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11 ═ A taxpayer may bring a civil action for damages in a U.S. District Court. Sec. 7431(a)(1). The damages are the greater of (1) $1,000 for each unauthorized inspection or disclosure of a return or return information, or (2) the sum of the actual damages sustained by the taxpayer as a result of such unauthorized inspection or disclosure, plus, in the case of a willful inspection or disclosure, or an inspection or disclosure that is the result of gross negligence, punitive damages. Sec. 7431(c)(1). In addition to the damages as determined by sec. 7431(c)(1), the taxpayer is entitled to the cost of the action. Sec. 7431(c)(2). The taxpayer may also be able to recover attorney's fees. See secs. 7431(c)(3) and 7430.

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Section 7213A, Unauthorized Inspection of Returns or Return Information, was enacted in 1997 by the Taxpayer Browsing Protection Act, Pub. L. 105-35, section 2(a), 111 Stat. 1104 (1997), to address unauthorized scanning of tax returns and return information primarily by tax enforcement personnel. Section 7213A provides:

SEC. 7213A(a). Prohibitions.--

(1) Federal employees and other persons.--It shall be unlawful for--

(A) any officer or employee of the United States, or

(B) any person described in section 6103(n) or an officer or employee of any such person,

willfully to inspect, except as authorized in this title, any return or return information.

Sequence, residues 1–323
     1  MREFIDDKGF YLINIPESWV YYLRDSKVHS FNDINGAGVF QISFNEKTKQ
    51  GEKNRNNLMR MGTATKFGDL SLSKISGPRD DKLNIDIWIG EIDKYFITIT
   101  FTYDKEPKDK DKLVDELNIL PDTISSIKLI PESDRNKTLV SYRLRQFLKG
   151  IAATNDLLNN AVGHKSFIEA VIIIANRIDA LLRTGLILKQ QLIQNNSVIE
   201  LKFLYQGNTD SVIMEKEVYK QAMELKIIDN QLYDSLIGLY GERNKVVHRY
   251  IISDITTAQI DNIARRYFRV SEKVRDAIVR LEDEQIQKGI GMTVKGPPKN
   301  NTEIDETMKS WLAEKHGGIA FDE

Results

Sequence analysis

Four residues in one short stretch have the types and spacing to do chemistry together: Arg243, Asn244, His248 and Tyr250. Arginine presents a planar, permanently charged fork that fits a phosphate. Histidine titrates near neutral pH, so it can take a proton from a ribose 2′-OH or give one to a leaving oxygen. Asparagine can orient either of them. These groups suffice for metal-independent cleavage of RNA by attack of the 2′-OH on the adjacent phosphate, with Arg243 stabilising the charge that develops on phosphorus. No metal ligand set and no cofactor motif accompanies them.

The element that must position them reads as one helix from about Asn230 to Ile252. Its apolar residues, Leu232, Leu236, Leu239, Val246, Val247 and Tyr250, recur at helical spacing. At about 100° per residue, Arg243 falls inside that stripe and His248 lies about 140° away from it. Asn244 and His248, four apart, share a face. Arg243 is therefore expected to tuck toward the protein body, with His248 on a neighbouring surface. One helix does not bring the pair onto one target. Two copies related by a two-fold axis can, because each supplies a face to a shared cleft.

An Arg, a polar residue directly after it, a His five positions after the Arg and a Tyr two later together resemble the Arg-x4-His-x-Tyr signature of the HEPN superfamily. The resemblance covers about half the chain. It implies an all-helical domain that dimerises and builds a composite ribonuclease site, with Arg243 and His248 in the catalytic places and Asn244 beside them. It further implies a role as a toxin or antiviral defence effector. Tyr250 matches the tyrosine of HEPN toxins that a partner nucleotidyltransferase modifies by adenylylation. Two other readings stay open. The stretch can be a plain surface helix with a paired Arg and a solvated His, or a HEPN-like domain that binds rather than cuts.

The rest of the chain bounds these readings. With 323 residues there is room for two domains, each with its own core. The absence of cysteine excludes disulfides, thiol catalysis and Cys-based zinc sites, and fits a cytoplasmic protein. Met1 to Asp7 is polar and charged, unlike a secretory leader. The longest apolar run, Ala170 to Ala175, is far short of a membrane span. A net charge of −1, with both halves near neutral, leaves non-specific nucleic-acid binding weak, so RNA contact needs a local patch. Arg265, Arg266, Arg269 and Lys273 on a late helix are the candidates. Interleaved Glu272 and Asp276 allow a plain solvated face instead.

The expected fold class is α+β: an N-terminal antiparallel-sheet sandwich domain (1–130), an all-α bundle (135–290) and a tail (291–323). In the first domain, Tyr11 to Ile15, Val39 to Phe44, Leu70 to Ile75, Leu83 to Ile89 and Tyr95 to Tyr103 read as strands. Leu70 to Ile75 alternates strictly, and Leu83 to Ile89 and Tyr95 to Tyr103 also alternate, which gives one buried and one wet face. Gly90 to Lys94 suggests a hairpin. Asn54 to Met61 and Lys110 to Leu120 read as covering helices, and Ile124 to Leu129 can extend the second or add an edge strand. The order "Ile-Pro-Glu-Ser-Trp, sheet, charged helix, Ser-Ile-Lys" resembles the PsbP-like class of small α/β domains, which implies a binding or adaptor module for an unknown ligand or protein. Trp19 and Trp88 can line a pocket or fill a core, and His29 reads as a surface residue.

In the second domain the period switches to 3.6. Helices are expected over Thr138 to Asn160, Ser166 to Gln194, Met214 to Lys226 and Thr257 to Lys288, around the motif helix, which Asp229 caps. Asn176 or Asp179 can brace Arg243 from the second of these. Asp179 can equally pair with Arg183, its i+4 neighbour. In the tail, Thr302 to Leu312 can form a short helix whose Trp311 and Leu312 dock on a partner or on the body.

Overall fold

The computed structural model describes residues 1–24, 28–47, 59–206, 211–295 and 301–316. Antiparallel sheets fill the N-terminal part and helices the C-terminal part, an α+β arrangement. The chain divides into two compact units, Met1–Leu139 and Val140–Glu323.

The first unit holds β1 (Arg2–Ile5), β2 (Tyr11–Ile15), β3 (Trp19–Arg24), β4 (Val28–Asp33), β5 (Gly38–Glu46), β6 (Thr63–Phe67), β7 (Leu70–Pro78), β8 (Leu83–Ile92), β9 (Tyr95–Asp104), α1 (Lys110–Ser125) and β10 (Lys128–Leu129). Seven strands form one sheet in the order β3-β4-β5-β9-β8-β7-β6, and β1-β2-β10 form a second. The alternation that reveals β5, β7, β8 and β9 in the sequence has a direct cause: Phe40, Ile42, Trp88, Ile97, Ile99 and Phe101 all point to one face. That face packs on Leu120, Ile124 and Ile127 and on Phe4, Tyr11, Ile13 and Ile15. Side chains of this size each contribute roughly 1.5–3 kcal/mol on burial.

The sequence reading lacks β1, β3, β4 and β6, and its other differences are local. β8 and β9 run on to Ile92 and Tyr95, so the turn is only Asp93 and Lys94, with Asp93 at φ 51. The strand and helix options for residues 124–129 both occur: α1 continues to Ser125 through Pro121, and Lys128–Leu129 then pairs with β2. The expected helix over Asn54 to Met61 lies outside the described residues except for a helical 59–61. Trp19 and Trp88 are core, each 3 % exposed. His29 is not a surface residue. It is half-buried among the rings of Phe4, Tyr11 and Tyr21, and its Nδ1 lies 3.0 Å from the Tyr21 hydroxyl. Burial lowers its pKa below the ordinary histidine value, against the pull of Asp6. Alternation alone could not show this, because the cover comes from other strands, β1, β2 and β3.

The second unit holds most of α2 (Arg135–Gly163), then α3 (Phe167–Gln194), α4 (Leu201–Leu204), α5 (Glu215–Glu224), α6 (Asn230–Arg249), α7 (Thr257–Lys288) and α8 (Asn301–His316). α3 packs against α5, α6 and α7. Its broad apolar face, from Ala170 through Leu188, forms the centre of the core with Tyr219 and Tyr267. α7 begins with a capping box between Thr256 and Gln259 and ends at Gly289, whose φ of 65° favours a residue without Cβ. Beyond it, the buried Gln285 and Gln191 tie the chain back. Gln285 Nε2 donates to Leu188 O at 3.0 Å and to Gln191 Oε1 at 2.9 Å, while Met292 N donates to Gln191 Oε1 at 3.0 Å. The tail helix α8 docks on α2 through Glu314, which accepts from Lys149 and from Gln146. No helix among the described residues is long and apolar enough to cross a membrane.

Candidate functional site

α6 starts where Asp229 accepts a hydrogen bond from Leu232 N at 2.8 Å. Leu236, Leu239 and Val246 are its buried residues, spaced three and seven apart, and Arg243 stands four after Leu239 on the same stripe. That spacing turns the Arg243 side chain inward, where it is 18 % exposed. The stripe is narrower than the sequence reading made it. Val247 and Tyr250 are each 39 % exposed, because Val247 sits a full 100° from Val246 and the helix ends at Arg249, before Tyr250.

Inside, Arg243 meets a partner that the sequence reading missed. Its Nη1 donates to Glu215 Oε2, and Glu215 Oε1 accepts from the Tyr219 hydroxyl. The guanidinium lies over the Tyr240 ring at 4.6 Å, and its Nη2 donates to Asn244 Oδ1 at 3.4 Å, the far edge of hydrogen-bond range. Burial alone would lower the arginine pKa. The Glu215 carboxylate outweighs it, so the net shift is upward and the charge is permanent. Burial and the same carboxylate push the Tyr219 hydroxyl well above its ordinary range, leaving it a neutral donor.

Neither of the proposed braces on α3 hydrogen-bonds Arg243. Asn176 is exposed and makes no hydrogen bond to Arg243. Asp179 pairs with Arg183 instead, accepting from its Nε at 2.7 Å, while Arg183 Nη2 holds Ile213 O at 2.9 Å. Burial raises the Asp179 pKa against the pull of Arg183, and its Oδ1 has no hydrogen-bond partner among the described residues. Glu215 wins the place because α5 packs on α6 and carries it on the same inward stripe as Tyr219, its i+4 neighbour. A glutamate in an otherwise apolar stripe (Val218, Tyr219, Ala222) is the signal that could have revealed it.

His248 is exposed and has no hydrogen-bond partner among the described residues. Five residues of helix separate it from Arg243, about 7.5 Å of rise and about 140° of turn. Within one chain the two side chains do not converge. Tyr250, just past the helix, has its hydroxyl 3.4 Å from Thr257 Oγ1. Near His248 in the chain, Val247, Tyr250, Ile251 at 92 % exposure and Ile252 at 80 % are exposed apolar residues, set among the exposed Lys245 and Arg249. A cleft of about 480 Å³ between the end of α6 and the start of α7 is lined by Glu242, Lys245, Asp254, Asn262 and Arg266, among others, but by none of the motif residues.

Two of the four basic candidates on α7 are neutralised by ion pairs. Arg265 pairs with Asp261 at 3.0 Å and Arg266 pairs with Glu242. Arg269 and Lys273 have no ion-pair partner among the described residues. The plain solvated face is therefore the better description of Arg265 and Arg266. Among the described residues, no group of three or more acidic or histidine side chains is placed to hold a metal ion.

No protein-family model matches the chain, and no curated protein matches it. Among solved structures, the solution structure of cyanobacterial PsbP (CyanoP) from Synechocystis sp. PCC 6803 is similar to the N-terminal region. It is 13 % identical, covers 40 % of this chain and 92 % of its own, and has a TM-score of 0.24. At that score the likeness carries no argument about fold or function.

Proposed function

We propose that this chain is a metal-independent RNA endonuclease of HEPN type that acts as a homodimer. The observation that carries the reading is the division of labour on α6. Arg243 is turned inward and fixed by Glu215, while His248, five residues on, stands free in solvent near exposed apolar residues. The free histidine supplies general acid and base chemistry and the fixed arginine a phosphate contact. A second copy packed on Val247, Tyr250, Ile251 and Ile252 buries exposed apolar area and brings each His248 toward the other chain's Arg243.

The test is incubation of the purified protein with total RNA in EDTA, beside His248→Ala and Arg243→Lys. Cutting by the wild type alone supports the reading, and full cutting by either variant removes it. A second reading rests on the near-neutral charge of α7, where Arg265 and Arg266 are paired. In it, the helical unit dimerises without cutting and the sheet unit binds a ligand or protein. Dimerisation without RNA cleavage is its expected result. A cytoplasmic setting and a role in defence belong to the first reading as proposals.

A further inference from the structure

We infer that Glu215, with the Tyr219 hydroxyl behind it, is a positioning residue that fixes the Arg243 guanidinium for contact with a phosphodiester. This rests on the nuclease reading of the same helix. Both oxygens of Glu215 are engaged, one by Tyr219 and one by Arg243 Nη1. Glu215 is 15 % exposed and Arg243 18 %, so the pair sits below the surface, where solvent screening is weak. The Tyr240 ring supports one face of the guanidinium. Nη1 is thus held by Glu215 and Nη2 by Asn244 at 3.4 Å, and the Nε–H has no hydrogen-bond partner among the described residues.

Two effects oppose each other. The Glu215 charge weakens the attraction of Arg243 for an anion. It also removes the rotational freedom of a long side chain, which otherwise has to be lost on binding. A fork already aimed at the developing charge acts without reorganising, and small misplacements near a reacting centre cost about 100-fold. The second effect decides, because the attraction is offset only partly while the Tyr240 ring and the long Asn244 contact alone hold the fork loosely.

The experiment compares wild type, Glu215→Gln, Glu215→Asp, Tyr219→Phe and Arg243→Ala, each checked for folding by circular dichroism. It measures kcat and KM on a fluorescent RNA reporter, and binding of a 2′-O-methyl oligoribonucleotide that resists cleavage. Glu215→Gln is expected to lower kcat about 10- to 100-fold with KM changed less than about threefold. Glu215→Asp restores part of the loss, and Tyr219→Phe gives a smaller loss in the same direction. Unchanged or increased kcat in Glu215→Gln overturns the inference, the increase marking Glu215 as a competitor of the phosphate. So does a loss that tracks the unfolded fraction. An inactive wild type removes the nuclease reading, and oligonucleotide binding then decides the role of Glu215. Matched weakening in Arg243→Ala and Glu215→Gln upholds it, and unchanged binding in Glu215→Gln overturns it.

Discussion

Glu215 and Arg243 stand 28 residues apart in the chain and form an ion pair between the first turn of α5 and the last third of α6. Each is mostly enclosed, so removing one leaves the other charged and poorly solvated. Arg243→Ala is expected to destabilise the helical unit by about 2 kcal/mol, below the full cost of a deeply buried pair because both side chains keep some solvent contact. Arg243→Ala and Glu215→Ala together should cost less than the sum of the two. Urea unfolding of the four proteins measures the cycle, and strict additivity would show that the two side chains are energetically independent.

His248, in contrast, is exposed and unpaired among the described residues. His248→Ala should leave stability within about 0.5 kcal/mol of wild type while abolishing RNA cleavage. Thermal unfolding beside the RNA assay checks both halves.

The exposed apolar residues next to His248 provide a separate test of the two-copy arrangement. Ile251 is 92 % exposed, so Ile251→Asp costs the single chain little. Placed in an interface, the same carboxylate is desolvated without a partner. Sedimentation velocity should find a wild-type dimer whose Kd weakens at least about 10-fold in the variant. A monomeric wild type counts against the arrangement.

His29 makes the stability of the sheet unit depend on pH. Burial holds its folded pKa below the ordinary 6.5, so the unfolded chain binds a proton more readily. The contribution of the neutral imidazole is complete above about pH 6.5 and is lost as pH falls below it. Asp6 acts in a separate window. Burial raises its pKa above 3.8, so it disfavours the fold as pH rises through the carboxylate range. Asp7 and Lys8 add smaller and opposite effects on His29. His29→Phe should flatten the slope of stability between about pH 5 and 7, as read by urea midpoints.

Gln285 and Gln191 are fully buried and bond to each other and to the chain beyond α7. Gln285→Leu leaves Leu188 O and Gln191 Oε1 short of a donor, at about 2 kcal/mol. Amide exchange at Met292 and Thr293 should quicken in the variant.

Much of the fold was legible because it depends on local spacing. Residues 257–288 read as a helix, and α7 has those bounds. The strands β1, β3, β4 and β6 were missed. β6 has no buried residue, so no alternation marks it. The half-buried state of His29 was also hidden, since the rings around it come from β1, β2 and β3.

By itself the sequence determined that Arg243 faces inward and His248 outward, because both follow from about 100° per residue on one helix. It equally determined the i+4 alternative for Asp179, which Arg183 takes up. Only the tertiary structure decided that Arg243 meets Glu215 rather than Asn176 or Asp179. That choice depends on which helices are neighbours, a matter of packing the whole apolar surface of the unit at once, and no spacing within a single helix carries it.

For purposes of section 7213A, "inspect" means "any examination of a return or return information." Secs. 7213A(c), 6103(b)(7). Violation of section 7213A can result in a fine not exceeding $1,000, or imprisonment not exceeding 1 year, or both, as well as dismissal from Federal employment. Sec. 7213A(b)(1) and (2).

═ ════ As a general rule, this Court will not look behind a notice of deficiency. It does not usually examine the evidence used or the propriety of the Commissioner's motives, policy, or procedures in making audit determinations. See Riland v. Commissioner , 79 T.C. 185, 201 (1982); Greenberg's Express, Inc. v. Commissioner , 62 T.C. 324, 327-328 (1974); Human Engg. Institute v. Commissioner , 61 T.C. 61, 66 (1973); Suarez v. Commissioner , 58 T.C. 792, 814 (1972), overruled in part Guzzetta v. Commissioner , 78 T.C. 173 (1982). However, this Court has recognized an exception to the rule when there is substantial evidence of unconstitutional conduct on the Commissioner's part and the integrity of the judicial process would be impugned if the Court permitted the Commissioner to benefit from his conduct. Suarez v. Commissioner , supra ; see Greenberg's Express, Inc. v. Commissioner , supra . But even in these limited situations, this Court has refused to hold the notice of deficiency null and void. Human Engg. Institute v. Commissioner , supra ; Suarez v. Commissioner , supra ; see Greenberg's Express, Inc. v. Commissioner , supra .

C. Collateral Estoppel

Respondent contends that collateral estoppel, also known as issue preclusion, precludes petitioner from relitigating the issue of whether his 1999 Federal income tax return was illegally selected for audit. Respondent notes that the District Court has held that petitioner's income tax return was selected for audit by computer.

Collateral estoppel exists for the "dual purpose of protecting litigants from the burden of relitigating an identical issue and of promoting judicial economy by preventing unnecessary or redundant litigation." Meier v. Commissioner , 91 T.C. 273, 282 (1988); see also Montana v. United States , 440 U.S. 147, 153-154 (1979); Parklane Hosiery Co. v. Shore , 439 U.S. 322, 326 (1979). In general, the doctrine of collateral estoppel forecloses relitigation of issues actually litigated and necessarily decided in a prior suit. Parklane Hosiery Co. v. Shore , supra at 326 n.5; Meier v. Commissioner , supra at 282; Peck v. Commissioner , 90 T.C. 162, 166 (1988), affd. 904 F.2d 525 (9th Cir. 1990).